6 Strange Color Combinations That Actually Work Together
The Spring 2016 menswear runways were awash in a multitude of colors that would make even a Crayola box blush. But this was no ordinary palette explosion; the spectrum of shades was made all the more interesting by virtue of the unusual pairings.
Spinning the color wheel around and around, designers sent out hue combos that you may have never thought of before. Take inspiration from spring’s nonconformist use of color and paint your daily ensemble with a few different strokes. These unconventional sets of tones definitely fall into the category of “strange but good,” proving to be the perfect match.
Rose and Indigo
Real men wear pink — and its best new counterpart, the inky dark side of blue. The combo is rather brilliant as the indigo brings in all the masculine edge, canceling out any girliness that your might pin on the rosy hue. The colors work for both the casual life, as Michael Kors’ island-inspired Spring 2016 collection demonstrated, or for a more formalized occasion. The Bally Spring 2016 mix of the rose-salmon, double-breasted sport coat and cropped indigo trousers has all the refined panache you need—with a side of trendsetting polish. Just skip the Vineyard Vines-tinged prepster baby pink here, as the deeper variations work far better. For the most accessible way to wear this mix, wear a mauve button-down shirt underneath your navy suit, and you’ll be seeing the world through rose-colored glasses in no time.
Eggplant and Sienna
Eggplant has long been one of my favorite color stories for the standard suit, as it has the power to bring a subtle, intriguing edge without stepping out of bounds into obtuse, attention-grabbing territory. But Burberry Prorsum’s Spring 2016 runway took nightshade to the next level by pairing it with the warmth of sienna. A seemingly outré palette of delicious chocolate brown, rusty sienna, and deep purple all of a sudden become genius when worn together — even a lace shirt is not out of place. Meanwhile, the precise tailoring of a Burberry nightshade suit gets a lift with the addition of the bronze-y dress shirt and a teal tie for the final exclamation point. Eggplant never looked more appetizing.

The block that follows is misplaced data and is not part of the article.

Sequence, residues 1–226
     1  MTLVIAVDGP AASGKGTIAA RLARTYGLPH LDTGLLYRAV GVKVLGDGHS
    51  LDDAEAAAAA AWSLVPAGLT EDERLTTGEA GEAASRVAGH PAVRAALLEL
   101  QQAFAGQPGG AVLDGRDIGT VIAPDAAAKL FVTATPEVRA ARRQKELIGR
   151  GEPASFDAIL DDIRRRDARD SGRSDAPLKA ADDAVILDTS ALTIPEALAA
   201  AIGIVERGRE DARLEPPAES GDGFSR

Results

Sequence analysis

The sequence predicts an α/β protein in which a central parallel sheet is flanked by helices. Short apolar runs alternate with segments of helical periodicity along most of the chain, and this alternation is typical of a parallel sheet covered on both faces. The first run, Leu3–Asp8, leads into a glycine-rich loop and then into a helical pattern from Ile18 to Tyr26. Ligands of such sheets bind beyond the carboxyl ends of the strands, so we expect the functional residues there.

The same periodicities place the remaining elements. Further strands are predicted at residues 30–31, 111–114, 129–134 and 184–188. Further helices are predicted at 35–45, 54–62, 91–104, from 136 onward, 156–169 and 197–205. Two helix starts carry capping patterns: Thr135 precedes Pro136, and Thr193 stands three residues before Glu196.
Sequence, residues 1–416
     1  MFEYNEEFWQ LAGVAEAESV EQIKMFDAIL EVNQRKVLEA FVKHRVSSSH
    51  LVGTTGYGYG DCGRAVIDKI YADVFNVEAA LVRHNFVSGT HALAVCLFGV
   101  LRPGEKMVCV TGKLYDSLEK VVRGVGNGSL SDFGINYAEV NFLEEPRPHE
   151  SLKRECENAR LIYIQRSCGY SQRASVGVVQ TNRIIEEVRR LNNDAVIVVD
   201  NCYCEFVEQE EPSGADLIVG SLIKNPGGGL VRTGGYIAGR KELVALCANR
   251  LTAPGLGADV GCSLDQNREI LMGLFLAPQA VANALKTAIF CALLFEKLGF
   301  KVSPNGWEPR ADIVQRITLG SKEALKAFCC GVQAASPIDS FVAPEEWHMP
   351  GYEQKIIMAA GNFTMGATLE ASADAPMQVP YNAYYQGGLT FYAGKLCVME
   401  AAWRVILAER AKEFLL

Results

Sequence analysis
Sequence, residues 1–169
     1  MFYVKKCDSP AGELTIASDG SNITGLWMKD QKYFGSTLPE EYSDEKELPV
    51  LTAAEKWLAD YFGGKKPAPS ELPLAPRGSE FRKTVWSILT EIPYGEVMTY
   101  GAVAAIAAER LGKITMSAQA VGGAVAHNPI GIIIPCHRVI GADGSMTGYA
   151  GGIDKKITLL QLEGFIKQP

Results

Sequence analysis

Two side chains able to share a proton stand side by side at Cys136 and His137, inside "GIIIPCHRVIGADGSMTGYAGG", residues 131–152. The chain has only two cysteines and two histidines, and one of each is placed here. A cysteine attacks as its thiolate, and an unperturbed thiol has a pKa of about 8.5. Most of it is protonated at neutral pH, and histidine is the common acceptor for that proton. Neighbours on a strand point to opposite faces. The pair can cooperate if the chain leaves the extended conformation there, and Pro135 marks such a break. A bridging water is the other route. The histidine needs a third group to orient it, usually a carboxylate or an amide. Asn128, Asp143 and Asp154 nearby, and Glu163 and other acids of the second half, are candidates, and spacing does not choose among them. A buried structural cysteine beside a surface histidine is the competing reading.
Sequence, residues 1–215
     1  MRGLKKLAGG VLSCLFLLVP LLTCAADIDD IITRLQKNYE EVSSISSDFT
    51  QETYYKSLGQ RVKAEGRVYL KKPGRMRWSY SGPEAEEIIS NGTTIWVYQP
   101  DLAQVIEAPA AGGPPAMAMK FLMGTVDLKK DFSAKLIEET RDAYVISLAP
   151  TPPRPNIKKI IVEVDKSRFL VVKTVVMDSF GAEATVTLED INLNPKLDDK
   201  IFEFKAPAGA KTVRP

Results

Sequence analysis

Cobalt and Olive
There is little more sartorially exciting than the rush of an intense electric blue. When paired with the earthiness of various dirty-luxe shades of olive-green, the effect only escalates. Playful and pragmatic, the Bally Spring 2016 look is preppy trek with a cobalt coat and olive-y, khaki trousers punched through with red socks and white hiking boots. Lose the ski cap and switch the boots to a brown pair for a slightly more conservative, corporate ensemble that’s no less impactful. At Hermes, a nubby sweater is all the more Euro-handsome and dapper by virtue of slouchy olive-green trousers and sandals.
Midnight Blue and Forest Green
Burberry designer Christopher Bailey had yet another Crayola color match to offer us for Spring 2016. While we already know the new power of indigo and mauve-y rose, he proved that navy also has a friend in forest-green. The blue hue and deep green are both cool complements; a midnight-navy overcoat transforms a rich satin brown button-down shirt and nonchalant joggers into a statement worth making. Meanwhile, pops of bright teal and dress slippers create even more swagger on a business-casual look.
Poppy Red and Powder Blue
Perhaps the most daring shade sets of the bunch, poppy red and powder blue are not to be worn by the faint of fashion heart. While Gucci’s androgynous Spring 2016 collection — a lesson in new punk — takes the color combination to the nth degree, you don’t have to totally rule it out. Use crimson and sky-blue in small doses to start — accessories such as a scarf or tie are a great way to introduce this bold, eccentric look.
Purple and Navy
By now, you’ve probably caught on that all manners of blue are a popular starting point from which to pair unorthodox colors. The Coach Spring 2016 runway mixed the serious side of navy blue with a more galactic incarnation of purple. Coach designer Stuart Vevers called it all quite accurately the “Kennedy boys meet Beach Boys meet Beastie Boys.” A navy bomber jacket and purple top provided a subtle, cool-kid means by which to wear these colors while florid, abstract purple printed separates, only slightly quieted by a navy jacket, are made for the more adventurous.